Holst Centre, imec and DELTA combined for an innovative ECG body patch that integrates an ultra-low power electrocardiogram (ECG) chip and a Bluetooth Low Energy (BLE) radio. This unique combination fuses power-efficient electronics and standardized communication, opening new perspectives for long-term monitoring in health, wellness and medical applications. The system integrates components from Holst Centre and imec’s R&D programs. It is designed in collaboration with DELTA and integrated in DELTA’s ePatch platform.

ECG Body Patch for Remote Health Monitoring of PatientsThe ECG patch measures up to 3 lead ECG signals, tissue-contact impedance and includes a 3D-accelerometer for physical activity monitoring. The data are processed and analyzed locally, and relevant events and information are transmitted through Bluetooth Low Energy. The patch is capable of monitoring, processing and communication on a minimal energy budget. When computing and transmitting the heart rate, the entire system consumes a mere 280µA at 2.1V, running continuously for one month on a 200mAh Li-Po battery. When transmitting accelerometer data (at 32Hz) on top of the heart rate, the power consumption remains below 1mA in continuous operation, giving about 1 week of autonomy.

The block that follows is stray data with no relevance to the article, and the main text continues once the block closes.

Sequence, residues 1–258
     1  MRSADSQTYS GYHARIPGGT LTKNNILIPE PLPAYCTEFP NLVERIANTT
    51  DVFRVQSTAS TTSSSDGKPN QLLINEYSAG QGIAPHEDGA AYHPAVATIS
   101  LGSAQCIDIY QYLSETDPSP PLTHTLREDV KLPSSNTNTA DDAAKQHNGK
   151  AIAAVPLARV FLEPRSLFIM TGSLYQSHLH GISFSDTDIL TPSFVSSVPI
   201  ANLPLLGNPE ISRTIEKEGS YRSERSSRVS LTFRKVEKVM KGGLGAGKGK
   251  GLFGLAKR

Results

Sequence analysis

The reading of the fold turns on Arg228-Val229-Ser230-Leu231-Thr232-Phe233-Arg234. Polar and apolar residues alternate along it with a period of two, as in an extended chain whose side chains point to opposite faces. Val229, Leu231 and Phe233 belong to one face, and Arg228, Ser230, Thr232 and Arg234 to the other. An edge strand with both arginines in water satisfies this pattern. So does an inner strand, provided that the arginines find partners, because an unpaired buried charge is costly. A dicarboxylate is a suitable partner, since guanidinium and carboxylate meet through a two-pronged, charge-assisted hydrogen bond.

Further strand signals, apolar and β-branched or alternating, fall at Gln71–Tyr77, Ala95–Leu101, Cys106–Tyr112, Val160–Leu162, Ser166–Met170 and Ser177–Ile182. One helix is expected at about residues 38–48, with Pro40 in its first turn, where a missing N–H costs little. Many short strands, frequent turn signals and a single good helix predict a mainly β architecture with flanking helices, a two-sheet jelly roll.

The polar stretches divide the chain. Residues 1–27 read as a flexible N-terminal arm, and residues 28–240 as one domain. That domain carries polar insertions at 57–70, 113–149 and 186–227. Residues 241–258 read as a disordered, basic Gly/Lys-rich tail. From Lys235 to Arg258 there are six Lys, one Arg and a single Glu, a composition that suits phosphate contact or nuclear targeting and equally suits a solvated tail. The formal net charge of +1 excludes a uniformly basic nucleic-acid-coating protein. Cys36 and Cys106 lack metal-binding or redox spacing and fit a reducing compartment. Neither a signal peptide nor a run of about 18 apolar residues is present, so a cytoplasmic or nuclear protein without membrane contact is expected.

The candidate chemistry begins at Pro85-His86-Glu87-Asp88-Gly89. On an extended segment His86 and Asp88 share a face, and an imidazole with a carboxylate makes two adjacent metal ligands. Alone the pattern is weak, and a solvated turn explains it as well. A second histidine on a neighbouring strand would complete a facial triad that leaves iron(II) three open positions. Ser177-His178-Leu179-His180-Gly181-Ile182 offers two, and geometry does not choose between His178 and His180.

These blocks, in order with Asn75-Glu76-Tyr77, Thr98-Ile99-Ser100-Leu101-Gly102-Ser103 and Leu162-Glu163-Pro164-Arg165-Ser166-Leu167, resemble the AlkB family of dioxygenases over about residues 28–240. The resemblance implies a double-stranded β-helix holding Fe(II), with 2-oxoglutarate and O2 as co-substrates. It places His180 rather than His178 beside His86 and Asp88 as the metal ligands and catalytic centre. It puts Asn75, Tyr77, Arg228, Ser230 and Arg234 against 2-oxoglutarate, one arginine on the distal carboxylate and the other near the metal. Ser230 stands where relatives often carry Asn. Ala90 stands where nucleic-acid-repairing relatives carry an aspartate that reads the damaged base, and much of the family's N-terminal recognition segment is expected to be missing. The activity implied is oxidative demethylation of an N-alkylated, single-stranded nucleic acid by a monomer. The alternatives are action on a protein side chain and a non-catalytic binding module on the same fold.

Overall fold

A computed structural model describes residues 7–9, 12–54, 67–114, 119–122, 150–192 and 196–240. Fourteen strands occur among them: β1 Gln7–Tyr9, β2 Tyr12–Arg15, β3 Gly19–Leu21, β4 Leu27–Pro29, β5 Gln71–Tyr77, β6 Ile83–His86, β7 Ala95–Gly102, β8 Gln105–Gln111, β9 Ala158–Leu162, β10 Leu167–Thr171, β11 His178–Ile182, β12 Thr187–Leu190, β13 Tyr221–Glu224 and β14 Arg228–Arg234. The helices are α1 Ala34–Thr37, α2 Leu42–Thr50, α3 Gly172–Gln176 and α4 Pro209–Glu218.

The Bluetooth Low Energy (BLE) link adds a standardized plug-and-play communication gateway to mobile devices such as smartphones and tablets. Smartphones and tablets enabled with Bluetooth 4.0 have been announced for next year; these will be your gateway to the world, bringing your heart parameters to wellness applications, to your network of friends, or to your doctor.

At the heart of the patch is an ECG System-On-Chip (SoC), a mixed signal ASIC. It is custom designed to provide ECG monitoring and high processing power at an extremely low energy consumption. Next to monitoring 1- to 3-lead ECG, the ECG SoC also monitors the contact impedance, providing real-time information on the electrode contact quality. This can be used to evaluate the quality of the ECG measurement and to filter motion artifacts.

The ECG SoC has been designed to run algorithms for motion artifact reduction (based on adaptive filtering or principal component analysis) and beat-to-beat heart rate computation (based on discrete or continuous wavelet transforms). It has additional computation power to run application-specific algorithms such as epileptic seizure detection, energy expenditure estimation or arrhythmia monitoring. The built-in 12-bit ADC is capable of adaptive sampling – sampling QRS waves at high frequency, and the other waves at a lower frequency – achieving a compression ratio of up to 5.